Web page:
Drying Rack Love

Drying racks are featured in every circular, ranging from cheap to the very high end.

When you move to a foreign country, you assume it’ll be the big things that are difficult to deal with…like grappling with a new language, struggling to find your way around, and adjusting to a diet composed primarily of sausage.

But it’s not.

It’s the little things that make you crazy.

Like doing laundry.

A simple, ordinary, everyday thing…

What do you mean I can’t use my good, old USofA laundry soap? Just how long is the laundry going to take, anyway? It’s been in there two hours!

And what is that thing on the dryer…the drawer with the water in it? How come the dryer starts and stops as many times as a bread machine? Cupboard setting? What is that? And most importantly…

Why are all those metal racks standing around the laundry room in yoga poses???

Doing laundry in Europe is…needless to say…different. For starters, laundry washing is a communal event. In our apartment building, everyone puts their machines in a central location…the basement. I haven’t seen that since my dorm room in college.

If you use the soap we’re used to in the States, the suds will float the entire apartment complex down the street. The clothes are in there for at least half a day, and the dryer isn’t a dryer in the literal sense of the word. It’s a steamer. Instead of venting to the outside, a condenser collects the moisture in a drawer that must be emptied after each load.

And in place of  the settings we’re used to…Dry, Super Dry, and “So-Dry-The-Clothes-Incinerate,” European dryers have settings like “Cupboard.” This means the clothes come out slightly more steamed than if you had selected “Iron.” But they’re not dry. Not even close.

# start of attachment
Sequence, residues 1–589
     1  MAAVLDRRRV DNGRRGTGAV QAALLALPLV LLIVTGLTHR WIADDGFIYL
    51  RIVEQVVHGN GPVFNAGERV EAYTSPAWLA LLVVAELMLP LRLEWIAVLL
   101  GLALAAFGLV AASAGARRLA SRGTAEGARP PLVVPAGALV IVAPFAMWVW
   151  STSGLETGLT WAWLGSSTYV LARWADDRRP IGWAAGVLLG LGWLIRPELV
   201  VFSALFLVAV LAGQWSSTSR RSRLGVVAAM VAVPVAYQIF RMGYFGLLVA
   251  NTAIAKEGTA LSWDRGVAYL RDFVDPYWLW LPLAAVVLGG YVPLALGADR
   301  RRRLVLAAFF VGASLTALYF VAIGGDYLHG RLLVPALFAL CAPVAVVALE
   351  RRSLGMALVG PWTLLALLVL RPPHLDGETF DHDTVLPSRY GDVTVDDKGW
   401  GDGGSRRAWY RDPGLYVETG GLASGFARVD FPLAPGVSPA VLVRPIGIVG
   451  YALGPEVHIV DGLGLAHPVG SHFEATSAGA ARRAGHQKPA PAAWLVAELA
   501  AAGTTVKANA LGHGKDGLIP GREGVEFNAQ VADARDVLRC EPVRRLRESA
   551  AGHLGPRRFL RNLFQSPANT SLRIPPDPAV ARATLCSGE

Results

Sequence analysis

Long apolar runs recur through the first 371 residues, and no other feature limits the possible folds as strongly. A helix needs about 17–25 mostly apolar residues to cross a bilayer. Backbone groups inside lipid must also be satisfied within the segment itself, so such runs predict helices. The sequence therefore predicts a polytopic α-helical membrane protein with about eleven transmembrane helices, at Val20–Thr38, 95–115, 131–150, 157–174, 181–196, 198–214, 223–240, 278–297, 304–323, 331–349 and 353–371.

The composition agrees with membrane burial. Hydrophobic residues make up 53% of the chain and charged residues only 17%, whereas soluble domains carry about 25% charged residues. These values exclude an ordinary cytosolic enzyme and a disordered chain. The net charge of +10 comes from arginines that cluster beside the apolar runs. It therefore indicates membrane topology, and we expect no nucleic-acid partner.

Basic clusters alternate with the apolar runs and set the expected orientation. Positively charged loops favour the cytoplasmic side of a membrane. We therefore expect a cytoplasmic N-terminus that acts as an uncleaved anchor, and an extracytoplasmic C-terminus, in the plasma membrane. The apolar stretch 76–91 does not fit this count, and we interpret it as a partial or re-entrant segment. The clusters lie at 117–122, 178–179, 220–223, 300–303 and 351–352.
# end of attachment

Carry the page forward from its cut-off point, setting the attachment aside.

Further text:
Hence the drying rack.

These long metal racks with wings adorn every porch and yard across Germany. After steaming your clothes for a couple of hours, you must hang them on the rack to do the actual drying. When I first moved here, I was not happy about this. Not having the ubiquitous drying rack, I was forced to hang my damp clothes from the lamps, the TV…whatever happened to be handy.

Then one day my dryer broke (Oh, you’re supposed to clean the condenser-thingy?) and I was forced to conform to the drying rack lifestyle.  Luckily, the jet engine spin cycle on the washer squeezes every last drop of water out of the clothes. So with the dryer broken, I just took the clothes out of the washer and hung them directly on the rack. I discovered a shocking thing…they dried just as fast. I’m a lazy person, so now…even though I have a bright, shiny new dryer down in the laundry room…I’ve decided that steaming is an unnecessary step.